UP Dragging Its Feet
Will Uttar Pradesh stop dragging its feet and act? Or will Yogi Adityanath government continue to be tenacious? Signs of exasperation appeared on Wednesday lastwith a three-judge bench of the Supreme Court, seeking details of recording of witnesses’ statements in the dastardly Lakhimpur Khiri case, in which 8 people died. Shockingly, of 44 witnesses only four’s statement had been recorded so far— over two weeks since the incident! Prompting the CJI to observe it can’t be an ‘unending story’ and his colleague saying “We think you are dragging your feet. So please dispel that impression.” Obviously, the government counsel’s explanation that courts were closed on account of Dussehra;there were several video clips which needed more asking; everybody was arrested (10 persons including the minister’s son Ashish Mishra) and a status report had been filed in a ‘sealed cover’, didn’t cut much ice with the bench. It’s concern was with the FIR regarding farmers’ death and not the counter FIR on those who drove the vehicles which ploughed into the farmers were lynched. Besides, it sought arrangements for witness protection as some could be ‘browbeaten.’ The government has a week’s time to complete the process. Will it, is anybody’s guess.
Hate crimes against Christians are growing in 21 States, particularly north India, in past nine months. A fact-finding report ‘Christians under attack in India’, by Association of Protection of Civil Rights, United Christian Forum and United against Hatereleased on Thursday last documents that of 305 incidents of violence against Christians, Jharkhand, UP, Chhattisgarh and Madhya Pradesh recorded 169, with Karnataka adding 32. The hate crimes seem to be increasingly compounded by rallies/slogans against the community based on fears or anxiety over ‘religious conversions’: October 3, over 200 unidentified persons, belonging to local right-wing groups, vandalised a church in Roorkee, Uttarakhand, attacked those assembled for Sunday prayers; October 10, UP police in Mau district arrested several people following complaints from a Hindutva group; earlier this week in Karnataka Hubali district, Bajrang Dal and VHP members entered a church singing bhajans; alocal BJP MLA blocked a highway demanding the pastor’s arrest; August 29, a group of over 100 people allegedly beat up a 25-year-old pastor at his house in a remote village in Chhattisgarh’s Kabirdham district, etc. Time for North Block to protect India’s secularism and not be like an ostrich buried with its head in the sand.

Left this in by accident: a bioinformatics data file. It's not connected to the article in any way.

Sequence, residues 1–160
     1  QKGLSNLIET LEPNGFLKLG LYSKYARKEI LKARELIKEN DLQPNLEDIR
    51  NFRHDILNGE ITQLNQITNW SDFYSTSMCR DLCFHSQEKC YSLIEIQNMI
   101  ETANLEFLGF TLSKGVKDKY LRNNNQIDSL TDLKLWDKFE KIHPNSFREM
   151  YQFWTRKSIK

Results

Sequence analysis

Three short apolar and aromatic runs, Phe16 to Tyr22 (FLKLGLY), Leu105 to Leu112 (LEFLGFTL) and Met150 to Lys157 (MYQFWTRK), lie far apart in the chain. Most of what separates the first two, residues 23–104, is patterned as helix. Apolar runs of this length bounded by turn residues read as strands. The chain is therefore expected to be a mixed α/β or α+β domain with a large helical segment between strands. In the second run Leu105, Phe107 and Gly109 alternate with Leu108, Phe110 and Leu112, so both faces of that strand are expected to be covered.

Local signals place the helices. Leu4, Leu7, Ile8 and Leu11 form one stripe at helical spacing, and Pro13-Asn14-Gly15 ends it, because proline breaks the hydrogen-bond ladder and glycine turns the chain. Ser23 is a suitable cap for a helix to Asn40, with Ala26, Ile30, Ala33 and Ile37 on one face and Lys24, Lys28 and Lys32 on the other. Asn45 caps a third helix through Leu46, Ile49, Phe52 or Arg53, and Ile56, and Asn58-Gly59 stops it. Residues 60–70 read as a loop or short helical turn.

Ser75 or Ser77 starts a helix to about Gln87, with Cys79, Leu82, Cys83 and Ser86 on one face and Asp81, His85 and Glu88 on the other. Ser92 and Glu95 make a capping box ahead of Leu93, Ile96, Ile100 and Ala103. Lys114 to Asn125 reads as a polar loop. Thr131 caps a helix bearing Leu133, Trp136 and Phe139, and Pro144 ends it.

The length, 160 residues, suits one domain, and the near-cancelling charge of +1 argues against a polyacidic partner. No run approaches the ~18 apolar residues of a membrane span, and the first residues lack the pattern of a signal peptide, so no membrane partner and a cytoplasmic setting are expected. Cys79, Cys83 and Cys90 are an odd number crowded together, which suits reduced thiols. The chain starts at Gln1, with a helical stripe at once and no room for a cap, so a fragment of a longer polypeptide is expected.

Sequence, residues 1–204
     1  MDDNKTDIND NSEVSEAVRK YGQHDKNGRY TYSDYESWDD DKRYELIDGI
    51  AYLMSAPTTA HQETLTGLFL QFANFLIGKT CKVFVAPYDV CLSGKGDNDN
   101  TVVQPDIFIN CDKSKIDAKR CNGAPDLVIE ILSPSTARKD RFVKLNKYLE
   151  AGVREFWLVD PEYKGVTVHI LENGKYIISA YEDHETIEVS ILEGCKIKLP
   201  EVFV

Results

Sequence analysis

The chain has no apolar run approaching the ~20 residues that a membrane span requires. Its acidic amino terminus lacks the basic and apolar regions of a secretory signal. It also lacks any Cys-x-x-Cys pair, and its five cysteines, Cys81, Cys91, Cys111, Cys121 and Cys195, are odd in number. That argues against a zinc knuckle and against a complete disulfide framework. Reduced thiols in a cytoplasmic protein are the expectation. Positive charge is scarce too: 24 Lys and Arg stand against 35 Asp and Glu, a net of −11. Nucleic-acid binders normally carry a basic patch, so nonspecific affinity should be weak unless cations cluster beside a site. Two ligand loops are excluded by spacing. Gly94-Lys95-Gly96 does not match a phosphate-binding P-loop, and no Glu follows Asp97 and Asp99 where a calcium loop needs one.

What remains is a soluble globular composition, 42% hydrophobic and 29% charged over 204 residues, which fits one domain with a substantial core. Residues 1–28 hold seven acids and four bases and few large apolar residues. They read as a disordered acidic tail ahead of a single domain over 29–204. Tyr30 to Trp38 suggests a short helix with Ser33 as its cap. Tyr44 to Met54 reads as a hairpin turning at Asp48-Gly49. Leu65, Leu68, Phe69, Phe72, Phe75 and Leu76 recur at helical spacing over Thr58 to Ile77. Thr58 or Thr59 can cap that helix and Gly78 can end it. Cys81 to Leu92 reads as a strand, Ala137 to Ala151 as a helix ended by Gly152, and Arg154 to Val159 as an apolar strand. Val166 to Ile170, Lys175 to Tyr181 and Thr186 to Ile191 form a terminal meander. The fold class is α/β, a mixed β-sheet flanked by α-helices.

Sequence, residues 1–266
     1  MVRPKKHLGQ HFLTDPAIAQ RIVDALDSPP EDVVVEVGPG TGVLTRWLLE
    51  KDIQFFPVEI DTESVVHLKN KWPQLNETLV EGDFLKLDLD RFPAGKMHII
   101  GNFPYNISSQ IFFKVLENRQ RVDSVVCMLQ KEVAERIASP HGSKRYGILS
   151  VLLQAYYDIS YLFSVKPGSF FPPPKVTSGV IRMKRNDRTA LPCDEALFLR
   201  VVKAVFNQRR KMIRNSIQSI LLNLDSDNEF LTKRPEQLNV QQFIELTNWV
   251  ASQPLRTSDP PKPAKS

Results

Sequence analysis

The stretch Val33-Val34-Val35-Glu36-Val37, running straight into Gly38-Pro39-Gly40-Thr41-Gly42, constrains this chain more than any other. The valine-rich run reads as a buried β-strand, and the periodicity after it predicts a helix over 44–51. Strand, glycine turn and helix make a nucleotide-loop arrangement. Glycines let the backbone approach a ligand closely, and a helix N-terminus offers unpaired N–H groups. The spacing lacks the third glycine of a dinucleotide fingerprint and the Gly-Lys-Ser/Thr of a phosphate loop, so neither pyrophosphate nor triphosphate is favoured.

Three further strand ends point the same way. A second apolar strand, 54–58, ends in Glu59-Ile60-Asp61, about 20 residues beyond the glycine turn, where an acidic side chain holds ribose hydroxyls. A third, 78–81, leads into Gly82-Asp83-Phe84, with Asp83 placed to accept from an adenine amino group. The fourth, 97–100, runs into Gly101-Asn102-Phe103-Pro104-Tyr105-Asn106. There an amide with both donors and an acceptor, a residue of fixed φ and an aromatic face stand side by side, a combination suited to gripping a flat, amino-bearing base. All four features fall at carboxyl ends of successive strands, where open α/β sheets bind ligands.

Bollywood Drug Drama
Maharashtra’s Bollywood gets national attention. With superstar Shah Rukh Khan’s son’s Aryan arrested by the NCB, among 20 others, though he was not in possession of any drugs, and his bail petition turned down by a Mumbai sessions court on Wednesday last has raised a number of questions. More so as the judge observed “on the face of it”, Aryan was indulging in “illicit drug activities on a regular basis” and his WhatsApp chats also showed, prima facie, that he was in touch with drug peddlers. But most questions emanate from NCP leader and Minister Nawab Malik, who on Thursday demanded to know what was the NCB’s Mumbai region chief Sameer Wankhede doing in Dubai and the Maldives with his family during the pandemic lockdown and threatened him with jail for “concocting drug cases against Bollywood personalities”. He claimed on Thursday last: “It’s very clear all this ‘vasuli’ (extortion) took place in Maldives and Dubai. I am releasing those photos. What was he doing in Maldives-Dubai, he must answer.” While photos are awaited, the message that goes out is that attempts were being made to implicate certain film folks in fake cases and parade them before the NCB. The war between NCP and NCB is another addition to the drama, and will be watched for the climax. — INFA